Sunday, January 15, 2012

The Invisible Mountain


The Invisible Mountain / Carolina de Robertis
Toronto: Anchor Canada, c2010.
448 p.

I received this book from Random House ages ago, and somehow didn't get around to it. But I was finally tempted by this gorgeous cover -- isn't it beautiful?? And it is a brilliant summation of the story itself; this book deals with three generations of women in Uruguay, and the cover says to me that they are three separate women yet somehow the same one at the same time. One family, three individuals.

I really enjoyed reading this once I finally opened it! The beginning is magical, with a rural family discovering their lost baby (now a little girl) in a tree, on the first day of 1900. Pajarita grows up to have a daughter, Eva, who has a daughter, Salomé. Each section of the book tells each woman's story, with the inevitable interweaving of all the characters as the story progresses. Each of the women is fascinating, although as with another "three generation" book I read last year (The Children of Mary by Marusya Bociurkiw), the middle generation gets slightly neglected in the depth of the telling -- is that the fate of all 'middles'? I ask as a middle child ;)

Still, this was a fabulous book -- complex, with a huge cast of characters who are all fully realized, even if not always likeable. The unsung star of the book is Uruguay itself, specifically Montevideo. I learned reams about the history and culture and landscape of Uruguay without even realizing it. The setting was so skillfully interwoven into the story, and such a key element in the events of all their lives, that it became just as important as the family dynamics. Of course, there are many, many dramatic events in the years that this book covers, so simply by living where they did, this family was in for some upheaval. From women's rights to civil war to gender identity and more, this story has it all. Yet it doesn't feel "issue-heavy". It feels like a sprawling family saga with lush surroundings, unfamiliar enough to me to be truly fascinating while reading. There is some movement between Uruguay and Argentina, Brazil and the US, but the primary setting is Uruguay and it is lovingly evoked.

There is too much going on over too long a period of time for a summary, but I'll try a brief explanation. Pajarita begins the book and the century, with her rural indigenous roots meshing with an Italian immigrant to Montevideo once she reaches adulthood. I think this was one of my favourite parts of the book, with the country so fresh and the magical experience of the travelling show that brought Pajarita's future spouse to her environs. Then bookish Eva, whose dreams are stifled when she has to drop out of school early to work to support the family -- and experiences much trauma and unhappiness doing so, until she finally finds love in late adulthood, in a very unexpected quarter. Salomé, faced with civil unrest in her youth, becomes an insurgent and spends years in prison (told in heartrending detail). All of these lives entwine to illuminate the tangled relationships between mothers and daughters, and between a country and its citizens.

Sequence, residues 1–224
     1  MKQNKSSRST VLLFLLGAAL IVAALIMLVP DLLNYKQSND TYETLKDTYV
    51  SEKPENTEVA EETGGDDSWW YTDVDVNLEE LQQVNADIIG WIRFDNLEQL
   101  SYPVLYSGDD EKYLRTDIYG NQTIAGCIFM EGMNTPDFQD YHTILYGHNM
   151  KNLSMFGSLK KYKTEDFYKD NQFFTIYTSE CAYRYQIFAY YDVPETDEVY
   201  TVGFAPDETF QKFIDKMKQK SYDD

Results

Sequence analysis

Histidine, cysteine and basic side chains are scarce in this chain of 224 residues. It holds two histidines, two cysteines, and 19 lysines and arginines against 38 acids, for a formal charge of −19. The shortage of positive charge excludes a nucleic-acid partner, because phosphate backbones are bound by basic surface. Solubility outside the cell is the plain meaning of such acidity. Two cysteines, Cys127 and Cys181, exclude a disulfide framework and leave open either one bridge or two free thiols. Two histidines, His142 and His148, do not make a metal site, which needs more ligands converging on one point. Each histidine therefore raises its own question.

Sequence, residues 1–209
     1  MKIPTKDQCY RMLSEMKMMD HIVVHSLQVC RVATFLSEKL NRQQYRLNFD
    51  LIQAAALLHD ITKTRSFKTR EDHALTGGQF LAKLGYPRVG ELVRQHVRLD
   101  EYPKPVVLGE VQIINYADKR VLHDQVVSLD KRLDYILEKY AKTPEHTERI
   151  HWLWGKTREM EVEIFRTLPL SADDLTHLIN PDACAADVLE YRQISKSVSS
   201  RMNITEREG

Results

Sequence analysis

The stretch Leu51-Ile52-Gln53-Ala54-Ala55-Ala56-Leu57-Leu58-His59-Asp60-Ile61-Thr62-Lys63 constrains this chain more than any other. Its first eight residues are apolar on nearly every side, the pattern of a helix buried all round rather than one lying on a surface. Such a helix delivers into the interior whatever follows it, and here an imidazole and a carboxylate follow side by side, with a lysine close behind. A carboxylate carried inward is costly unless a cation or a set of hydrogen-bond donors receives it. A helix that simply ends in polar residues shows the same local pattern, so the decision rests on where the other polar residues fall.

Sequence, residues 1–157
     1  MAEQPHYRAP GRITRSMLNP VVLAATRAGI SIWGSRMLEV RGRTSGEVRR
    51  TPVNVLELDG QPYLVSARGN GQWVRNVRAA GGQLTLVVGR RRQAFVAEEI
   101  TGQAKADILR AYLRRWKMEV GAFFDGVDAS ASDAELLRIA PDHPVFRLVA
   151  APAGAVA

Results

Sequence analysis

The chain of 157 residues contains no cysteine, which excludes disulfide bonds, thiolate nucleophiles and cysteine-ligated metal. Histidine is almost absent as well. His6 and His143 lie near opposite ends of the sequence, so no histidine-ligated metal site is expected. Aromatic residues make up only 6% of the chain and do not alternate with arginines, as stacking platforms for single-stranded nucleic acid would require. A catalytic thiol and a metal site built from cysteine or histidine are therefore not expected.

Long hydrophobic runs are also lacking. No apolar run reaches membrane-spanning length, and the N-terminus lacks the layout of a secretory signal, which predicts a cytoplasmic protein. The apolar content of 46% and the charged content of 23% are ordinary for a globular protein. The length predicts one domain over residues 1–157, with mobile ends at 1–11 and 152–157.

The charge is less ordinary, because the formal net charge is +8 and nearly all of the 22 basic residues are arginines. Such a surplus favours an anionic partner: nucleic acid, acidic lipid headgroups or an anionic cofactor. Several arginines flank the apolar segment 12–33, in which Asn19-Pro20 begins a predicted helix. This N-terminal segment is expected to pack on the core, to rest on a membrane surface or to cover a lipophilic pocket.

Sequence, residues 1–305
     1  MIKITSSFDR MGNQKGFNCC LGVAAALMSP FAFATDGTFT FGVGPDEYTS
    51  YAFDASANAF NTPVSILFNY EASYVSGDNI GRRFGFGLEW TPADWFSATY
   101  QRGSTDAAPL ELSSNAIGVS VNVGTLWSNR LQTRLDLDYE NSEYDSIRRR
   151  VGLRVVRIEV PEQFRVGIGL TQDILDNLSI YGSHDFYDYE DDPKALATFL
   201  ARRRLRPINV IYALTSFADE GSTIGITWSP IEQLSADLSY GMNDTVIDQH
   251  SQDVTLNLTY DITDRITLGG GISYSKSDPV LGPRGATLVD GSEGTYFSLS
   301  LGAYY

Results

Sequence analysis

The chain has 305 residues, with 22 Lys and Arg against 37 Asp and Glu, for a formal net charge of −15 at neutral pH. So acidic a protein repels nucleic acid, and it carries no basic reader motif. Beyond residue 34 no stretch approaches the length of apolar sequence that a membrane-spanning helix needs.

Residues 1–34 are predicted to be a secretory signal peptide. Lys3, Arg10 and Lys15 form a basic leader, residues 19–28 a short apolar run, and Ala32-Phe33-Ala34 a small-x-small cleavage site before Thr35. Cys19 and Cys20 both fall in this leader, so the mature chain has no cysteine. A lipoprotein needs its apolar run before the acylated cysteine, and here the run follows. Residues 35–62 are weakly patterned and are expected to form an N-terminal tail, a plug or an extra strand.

What a book! Definitely a saga to ponder, and now to look up some history to fill in some gaps in my understanding... it's great when a novel sparks an interest in learning more about the place and events of the story. Even with more facts though, I'll always feel the characters in this book experiencing the things I'm reading about. They've defined this era for me, and will always colour anything else I learn. Definitely a great read for anyone who loves these kind of dense family stories.

5 comments:

  1. I am thinking I will add this to my wish list. :)

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  2. I read this book when it was first released and I loved it. Unfortunately I can't remember much about it now - I think there was too much going on for me to remember the individual plot points. I don't mind - I'll just enjoy re-reading it at some stage.

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  3. Kailana - it is a great example of South American fiction!

    Jackie - you're right, there is a LOT going on. I'm sure I'll have to reread in future just to keep it all straight ;)

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  4. This sounds wonderful--I will be adding it to my wishlist and hopefully my library will have it! I love the cover by the way. I'm trying to read more books set in different places, and I can't think of any book I've read before set in Uruguay!

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  5. Danielle - I can't think of another book set in Uruguay that I've read, either. This was very illuminating.

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Thanks for stopping by ~ I hope you will leave your comments and reflections to let me know what you think!